In an unqualified victory for the First Amendment, a U.S. district court judge has reversed himself and tossed out a defamation lawsuit brought by a former member of Congress against the Susan B. Anthony List, who, he claimed, had misstated his position on abortion and led to his defeat.
The former congressman, ex-Cincinnati, Ohio-area Rep. Steve Driehaus, claimed the group had defamed he when it threatened to put up billboards during the 2012 election claiming he had voted to support taxpayer-funded abortion when he voted in favor of "Obamacare," which was narrowly approved by the U.S. House of Representatives only after the so-called "prolife wing" of the Democratic caucus secured a promise from President Barack Obama that the legislation would not lead to taxpayer support for abortions.
Subsequent events have proven that, as the Susan B. Anthony List and other prolife groups charged at the time, the president's promise was not worth the paper it was printed on. The administration has not wavered in its support for abortion rights, most notably in its mandate that religious institutions provide coverage for traditional abortion, sterilization, and abortion-inducing drugs as part of any health insurance plan it offers to its workers.
Although the billboards were never put up, Driehaus nonetheless accused the group of defaming him by lying about his position and, at one point, of having cost him his livelihood.
In his seven page ruling, District Court Judge Timothy Black admitted he had not been able to "see the forest for the trees" when he originally allowed the lawsuit—which had been criticized as an infringement on the constitutional right to free speech by both liberals and conservatives— to move forward.
"The concomitant principles of free speech and truth collide most violently in the arena of political speech. During the recently passed national elections, citizens were bombarded with political advertisements that the targets of which daily denounced as lies. Who then shall be the arbiter of political truth? Ultimately, in a free society, the truth of political back and forth must be adjudicated in the 'marketplace of ideas,'" Black, an Obama appointee, wrote in his decision.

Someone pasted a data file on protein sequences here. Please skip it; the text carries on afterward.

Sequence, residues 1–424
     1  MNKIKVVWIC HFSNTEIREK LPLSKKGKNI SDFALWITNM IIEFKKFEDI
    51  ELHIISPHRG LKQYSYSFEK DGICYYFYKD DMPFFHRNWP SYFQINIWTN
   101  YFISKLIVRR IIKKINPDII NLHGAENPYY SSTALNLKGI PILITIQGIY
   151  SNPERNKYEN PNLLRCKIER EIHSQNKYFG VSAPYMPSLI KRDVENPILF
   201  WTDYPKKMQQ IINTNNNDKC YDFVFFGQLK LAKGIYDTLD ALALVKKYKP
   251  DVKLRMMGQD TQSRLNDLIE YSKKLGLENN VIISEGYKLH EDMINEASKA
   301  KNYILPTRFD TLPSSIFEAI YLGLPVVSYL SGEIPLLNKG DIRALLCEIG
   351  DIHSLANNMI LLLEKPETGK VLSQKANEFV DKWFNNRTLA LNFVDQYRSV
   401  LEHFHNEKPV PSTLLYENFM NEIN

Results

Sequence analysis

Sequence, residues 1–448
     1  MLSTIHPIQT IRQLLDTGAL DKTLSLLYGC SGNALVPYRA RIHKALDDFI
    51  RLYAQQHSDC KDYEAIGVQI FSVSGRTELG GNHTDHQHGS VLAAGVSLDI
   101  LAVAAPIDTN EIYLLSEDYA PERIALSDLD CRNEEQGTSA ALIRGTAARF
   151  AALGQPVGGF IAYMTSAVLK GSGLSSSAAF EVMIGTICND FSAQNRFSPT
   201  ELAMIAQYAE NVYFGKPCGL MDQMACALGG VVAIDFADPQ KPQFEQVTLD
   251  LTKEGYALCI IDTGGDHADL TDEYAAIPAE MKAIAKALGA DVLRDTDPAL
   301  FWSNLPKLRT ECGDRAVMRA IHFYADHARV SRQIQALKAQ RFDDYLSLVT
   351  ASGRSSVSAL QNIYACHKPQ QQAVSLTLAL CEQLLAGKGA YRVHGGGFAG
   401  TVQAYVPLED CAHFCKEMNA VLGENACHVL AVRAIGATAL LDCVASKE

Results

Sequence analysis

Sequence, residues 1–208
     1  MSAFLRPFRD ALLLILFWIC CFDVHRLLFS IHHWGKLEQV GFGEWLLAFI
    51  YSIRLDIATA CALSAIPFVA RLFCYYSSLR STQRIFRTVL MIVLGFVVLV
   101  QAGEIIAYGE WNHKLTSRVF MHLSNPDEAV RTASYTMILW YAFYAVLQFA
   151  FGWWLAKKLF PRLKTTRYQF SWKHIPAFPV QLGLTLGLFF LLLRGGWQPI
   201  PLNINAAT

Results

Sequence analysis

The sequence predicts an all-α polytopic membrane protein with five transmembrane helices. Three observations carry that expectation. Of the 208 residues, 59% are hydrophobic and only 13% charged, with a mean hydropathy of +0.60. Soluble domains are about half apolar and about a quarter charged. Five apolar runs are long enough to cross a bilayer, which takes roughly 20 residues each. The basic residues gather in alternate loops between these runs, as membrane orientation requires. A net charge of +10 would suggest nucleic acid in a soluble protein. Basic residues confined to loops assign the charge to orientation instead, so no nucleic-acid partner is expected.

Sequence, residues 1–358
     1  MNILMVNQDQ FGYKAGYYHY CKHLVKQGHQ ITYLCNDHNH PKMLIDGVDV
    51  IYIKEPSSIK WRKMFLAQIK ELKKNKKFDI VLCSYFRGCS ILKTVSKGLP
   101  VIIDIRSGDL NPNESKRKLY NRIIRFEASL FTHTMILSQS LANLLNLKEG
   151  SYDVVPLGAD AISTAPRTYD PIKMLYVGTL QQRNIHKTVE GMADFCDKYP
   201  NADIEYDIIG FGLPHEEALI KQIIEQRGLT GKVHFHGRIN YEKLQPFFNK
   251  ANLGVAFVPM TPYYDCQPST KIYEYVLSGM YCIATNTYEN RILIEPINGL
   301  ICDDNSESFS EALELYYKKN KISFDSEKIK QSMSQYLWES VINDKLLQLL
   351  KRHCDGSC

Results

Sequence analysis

"While we're pleased with the outcome, this was a protracted legal battle that was taxing on our resources and should never have happened in a country that enshrines free speech," Susan B. Anthony List President Marjorie Dannenfelser, said. "The blatant disregard for the First Amendment and the Constitutional right of people to speak out against the actions of those elected to represent them is unacceptable."
"Driehaus was originally opposed to the health care bill because it did not contain specific language preventing the funding of abortion, and that has not changed. The bill still lacks the necessary safeguards Driehaus said needed to be in place for him to support the legislation, and yet he voted for it. We made the voters in his district aware of his vote and there is nothing defaming about that," said Dannenfelser.
For once it appears, sanity prevails in federal court. The idea that members of Congress would be permitted to hold political advocacy groups to some kind of imaginary strict standard would have a chilling effect on the electoral process. It is true that advocacy groups sometimes misstate the truth—though the Susan B. Anthony List clearly did not do so in this case—but the political system already provides means of redress. Candidates for elective office are free to issues statements or purchase ads in response. The so-called "fact checkers" that are now ubiquitous in the media also have a role to play here, though they sometimes are unable to distinguish between actual facts and opinions that are clearly debatable.
The notion that a single interest group could be held responsible for depriving an elected official of his or her livelihood implies that politicians have some sort of right to the office to which they have been elected. In a democracy, in a country with a republican form of government, such ideas can mean death to the system if allowed to take root. In fighting back, in contesting the case and refusing to settle, the Susan B. Anthony List not only helped itself, it did an important service to the democratic process.